What is the implication of this and how is signess represented? Thinking about it, the determination of positive or negative is a binary decision, and thus we only need a single bit to represent the signess of a number. In practice, this means that for numeric types, there is actually one less bit used for the counting portion.

So: What is the largest and smallest signed integer?

  • There are 32 bits in an integer (i.e., 4 bytes). One bit is used for the sign, so 31 bits are used for counting. The largest signed integer is 231 - 1 and the smallest signed integer is 0 - 231. We subtract 1 from the largest value to account for zero.

However, there are many times when we do not want signed numerics, and in those instances we want to specify unsigned types. To do that, we use the unsigned designation. For example:

#include <stdio.h>

int main(int argc, char *argv[]){

  unsigned int i = 4294967295; //2^32 -1 -- largest integer


In this case, I set the unsigned integer i to the largest possible value, 232-1, which is an order of magnitude (twice as great) as the largest signed integer. However, you have to be careful about signess because although we have declared the integer an unsigned designation, it may not always get interpreted that way. That is because of implicit casting.

Consider what happens with these two print statements:

printf("   Largest integer printed with unsigned: %u\n",i);
printf("Largest integer printed without unsigned: %d\n",i);

And the output:

aviv@saddleback: demo $ ./unsigned-types 
   Largest integer printed with unsigned: 4294967295
Largest integer printed without unsigned: -1

For the first, with a %u the integer was interpreted as an unsigned int and the value was printed as expected. For the second, with a %d, the output is not as expected. We get the value -1 — why?

This comes about because of how negative numbers are represented in binary using a system called twos-compliment. You will learn about that in your architecture class, but generally, negative numbers count backwards. So the largest positive number is the largest negative number, -1. The reason for this example is to make sure you are aware of this common pitfall that can occur from implicit casting.

3.3 Casting Between Types

The previous example brings up an important point about types, that we can translate between them. For example, sometimes we might want to cast an integer to a float, and vice versa. When casting numeric types, this happens either implicitly on assignment or can occur explicitly with a cast designation.

Here is an example of implicit casting across assignments.

//assignment will cast implicitly 
  int i = 1847;
  float f = i; //integer to float

  printf("int to float: f: %f\n",f);

  float g = 3.1415926;
  int j = g; //float to integer

  printf("float to int: j: %d\n",j);

In both cases, the act of assignment to an integer or to a float automatically converted the data into the target type. We can also make this action explicit, and often this is necessary to determine the output of a function. For example:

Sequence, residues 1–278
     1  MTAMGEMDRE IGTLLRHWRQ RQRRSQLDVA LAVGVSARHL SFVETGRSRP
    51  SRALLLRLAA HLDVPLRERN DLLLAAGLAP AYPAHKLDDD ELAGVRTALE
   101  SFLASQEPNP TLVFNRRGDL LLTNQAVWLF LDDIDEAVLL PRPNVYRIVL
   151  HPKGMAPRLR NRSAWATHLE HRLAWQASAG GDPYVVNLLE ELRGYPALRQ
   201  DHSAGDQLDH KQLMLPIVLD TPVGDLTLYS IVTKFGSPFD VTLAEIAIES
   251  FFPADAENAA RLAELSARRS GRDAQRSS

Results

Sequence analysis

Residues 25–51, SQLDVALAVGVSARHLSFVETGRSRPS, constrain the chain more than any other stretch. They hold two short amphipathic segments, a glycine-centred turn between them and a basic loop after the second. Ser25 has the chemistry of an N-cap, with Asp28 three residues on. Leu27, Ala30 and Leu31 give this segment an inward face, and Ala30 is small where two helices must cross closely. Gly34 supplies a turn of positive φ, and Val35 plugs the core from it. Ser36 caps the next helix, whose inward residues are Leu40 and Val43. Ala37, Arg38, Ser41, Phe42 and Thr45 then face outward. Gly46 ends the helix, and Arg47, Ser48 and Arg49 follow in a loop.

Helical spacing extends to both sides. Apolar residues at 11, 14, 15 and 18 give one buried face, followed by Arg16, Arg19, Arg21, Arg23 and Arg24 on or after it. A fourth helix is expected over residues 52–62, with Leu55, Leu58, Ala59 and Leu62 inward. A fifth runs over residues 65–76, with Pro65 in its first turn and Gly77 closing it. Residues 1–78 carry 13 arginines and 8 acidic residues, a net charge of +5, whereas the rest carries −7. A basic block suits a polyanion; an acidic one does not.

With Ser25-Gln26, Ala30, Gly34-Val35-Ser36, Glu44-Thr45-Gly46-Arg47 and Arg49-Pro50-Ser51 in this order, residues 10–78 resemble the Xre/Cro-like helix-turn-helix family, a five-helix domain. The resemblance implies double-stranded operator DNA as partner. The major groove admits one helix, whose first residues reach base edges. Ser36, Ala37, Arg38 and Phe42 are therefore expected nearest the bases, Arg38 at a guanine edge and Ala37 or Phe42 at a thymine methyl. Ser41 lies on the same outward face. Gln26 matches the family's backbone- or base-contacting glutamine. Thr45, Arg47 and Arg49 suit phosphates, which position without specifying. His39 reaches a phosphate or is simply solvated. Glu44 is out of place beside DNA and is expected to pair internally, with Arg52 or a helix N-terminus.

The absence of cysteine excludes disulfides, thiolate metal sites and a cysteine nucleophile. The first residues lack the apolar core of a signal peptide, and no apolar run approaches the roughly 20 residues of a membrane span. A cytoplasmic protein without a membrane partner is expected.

float pi = 3.1415926; //pi
float e = 2.7182818; //e
float r2 = 1.1412135; //root 2

int k = pi + e + r2; //casts on assignment
int l = (int) pi + (int) e + (int) r2; //casts before operations

printf("cast on assignemnt: k: %d\n",k);
printf("cast before operation: l: %d\n",l);

There are two outputs, for k the value is 7 and for l the value is 6. With the explicit cast, e.g., (int), the floats are casted to integers using the floor function and then summed. On assignment, the values are summed as floats and then casted.

Something interesting to think about with regards to casting in C is how this affects the underlying data representation. Floats and integers are not stored using the same data representation; however, casting between them seems to take care of that. What you will see later in the class is that in some situations casting does not require changing the underlying data representation, casting only changes the interpretation of the data and not the structure. While this might seem inconsequential, the impact can be dramatic if used properly.

3.4 Pointer Types

The last basic type is the pointer. It also stores a number, but this number is the address of other data. We will discuss pointers in more detail in the next lesson, but the important take away is that pointer types are perhaps the most important parts of C and the most confusing and difficult.

The basic concept is that we define a pointer as a reference to some other memory type. For example, int * p declares a pointer p that references an integer, and similar float * q declares a pointer q that references a float. We use the term reference to indicate that the value of the pointer is a memory reference. A memory reference is the address of data, and so a pointer holds a value that references other memory.

Here are the basic pointer operations:

  • int * p : pointer declaration
  • *p : pointer dereference, follow the pointer to the value
  • &a : Address of the variable a
  • p = &a : pointer assignment, p now references a
  • *p = 20 : assignment via a dereference, follow the pointer and assign a the value.

We will review this in more detail in the next lesson.